Crowdfunding is a pretty cool method of getting a project you believe in funded. You can take your drunk cooking show on a world tour. You can create a platform for the parents of LGBT* youth to learn about and understand their children. You can even raise 5 million dollars to make a movie about your favorite teenage Private Investigator. And now you can crowdfund an adoption.
Jarrid and Juli Wilson are a married couple from Washington (originally from California — I used to go to church with Jarrid). Roughly seven months ago, they talked to a young woman and convinced her not to terminate her pregnancy. She was living in an abusive home and didn’t feel prepared to bring a child into the world. But being devoted Christians, the Wilsons took it upon themselves to take her to her doctors’ appointments and eventually convince her to carry the pregnancy to term. They even helped her move out of her abusive situation and into a new place. She’s since asked the Wilsons to adopt the child she knew she would not be able to care for. They’ve agreed and in order to afford that major expense, they’ve taken to crowdfunding.
While I think it’s admirable that they’re willing to take responsibility of a child they insisted on being brought into the world (take note, Tea Party Republicans), there’s a lot about this that makes me uncomfortable. For starters, they’re imposing their religious beliefs on a woman they barely know. If you, as a uterus-owning person, do not want to have an abortion because of your religious leanings, that’s totally fine. But you should not push your beliefs into a uterus that is not located in your own body.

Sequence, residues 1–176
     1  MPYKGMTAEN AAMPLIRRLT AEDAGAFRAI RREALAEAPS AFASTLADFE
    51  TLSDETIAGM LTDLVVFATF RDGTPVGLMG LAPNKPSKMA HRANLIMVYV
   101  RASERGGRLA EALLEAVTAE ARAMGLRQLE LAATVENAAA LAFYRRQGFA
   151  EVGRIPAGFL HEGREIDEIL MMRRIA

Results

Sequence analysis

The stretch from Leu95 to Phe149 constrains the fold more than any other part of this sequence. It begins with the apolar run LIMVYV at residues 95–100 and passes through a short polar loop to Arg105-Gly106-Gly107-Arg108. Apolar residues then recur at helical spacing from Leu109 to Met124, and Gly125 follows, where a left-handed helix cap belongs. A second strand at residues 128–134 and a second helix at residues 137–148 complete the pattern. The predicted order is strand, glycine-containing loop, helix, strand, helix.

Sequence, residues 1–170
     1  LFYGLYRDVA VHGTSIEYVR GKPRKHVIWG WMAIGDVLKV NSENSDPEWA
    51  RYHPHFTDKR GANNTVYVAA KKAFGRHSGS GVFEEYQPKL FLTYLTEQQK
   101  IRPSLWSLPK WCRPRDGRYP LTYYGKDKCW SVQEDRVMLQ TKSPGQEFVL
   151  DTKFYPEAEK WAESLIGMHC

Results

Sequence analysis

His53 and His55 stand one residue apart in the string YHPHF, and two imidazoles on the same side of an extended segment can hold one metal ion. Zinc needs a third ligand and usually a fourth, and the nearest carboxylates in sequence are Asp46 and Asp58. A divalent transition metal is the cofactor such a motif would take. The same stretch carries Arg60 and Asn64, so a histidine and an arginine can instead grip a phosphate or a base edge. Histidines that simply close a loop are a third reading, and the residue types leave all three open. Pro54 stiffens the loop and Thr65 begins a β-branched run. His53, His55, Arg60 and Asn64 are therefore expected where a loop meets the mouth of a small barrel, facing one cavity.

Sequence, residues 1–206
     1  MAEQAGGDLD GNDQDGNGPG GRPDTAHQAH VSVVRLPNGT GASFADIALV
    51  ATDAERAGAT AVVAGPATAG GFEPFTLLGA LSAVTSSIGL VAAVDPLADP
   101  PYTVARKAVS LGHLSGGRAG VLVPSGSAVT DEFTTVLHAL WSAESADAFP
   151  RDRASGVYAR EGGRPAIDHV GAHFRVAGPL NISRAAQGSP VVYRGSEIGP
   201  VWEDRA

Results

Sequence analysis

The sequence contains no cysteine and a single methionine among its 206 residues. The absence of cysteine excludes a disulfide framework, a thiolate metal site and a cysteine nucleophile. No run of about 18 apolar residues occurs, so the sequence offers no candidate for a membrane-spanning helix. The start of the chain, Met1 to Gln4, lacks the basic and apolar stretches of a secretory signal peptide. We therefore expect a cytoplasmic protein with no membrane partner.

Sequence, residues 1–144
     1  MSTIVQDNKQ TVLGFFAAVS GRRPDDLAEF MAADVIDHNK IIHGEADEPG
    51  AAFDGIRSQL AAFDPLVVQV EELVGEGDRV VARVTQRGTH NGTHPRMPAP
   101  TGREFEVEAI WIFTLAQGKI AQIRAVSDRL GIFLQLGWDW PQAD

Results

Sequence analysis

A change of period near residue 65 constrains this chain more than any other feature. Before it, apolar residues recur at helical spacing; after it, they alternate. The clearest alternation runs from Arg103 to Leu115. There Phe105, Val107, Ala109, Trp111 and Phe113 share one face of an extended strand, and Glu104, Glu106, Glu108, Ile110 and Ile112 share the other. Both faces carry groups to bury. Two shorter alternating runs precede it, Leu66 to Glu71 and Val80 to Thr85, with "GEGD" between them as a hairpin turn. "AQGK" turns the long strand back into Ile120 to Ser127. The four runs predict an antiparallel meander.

The Wilsons want to move the mother out to Washington (she’s currently in Texas) for the last month of her pregnancy. It’s not as if they’ve dramatically altered her life recently, so why not move her 2,000 miles from her home for the last month of a physically draining ordeal? The mother’s doctor and attorney have advised against that (duh). But they’re still seriously considering having this woman journey 2,500 miles at eight months pregnant when she can’t fly.
What really squicks me out more than anything about this story is that they’re essentially buying a baby. They are buying a baby and asking their friends, family and fellow churchgoers to help pay for it. To pay for the attorney and the medical bills and travel expenses. But they’re doing it for Jesus, so that’s all acceptable. All the issues of coercion and power are nothing against His will that they “save a baby boy”.
But what if they decide not to adopt that baby? What if they, after persuading this woman into going through with a pregnancy she was never comfortable with, realize they also aren’t ready to raise a child. There would be no consequences for them if they back out of that adoption. But that mother would have to surrender her baby to an adoption agency which clearly wasn’t her first choice. Or she would end up keeping her baby and financially struggling for a very long time.
I really hope this doesn’t become some sort of weird trend where churches go around talking people out of abortions and then snatching their babies up (it’d make a great young adult novel though, let’s be honest). There are a whole bunch of babies and toddlers and older children already out there waiting to be adopted. Why not give them a family instead of convincing people not to terminate pregnancies they don’t want and adopting those children. This isn’t Juno, people. Let’s try to get back to living in reality.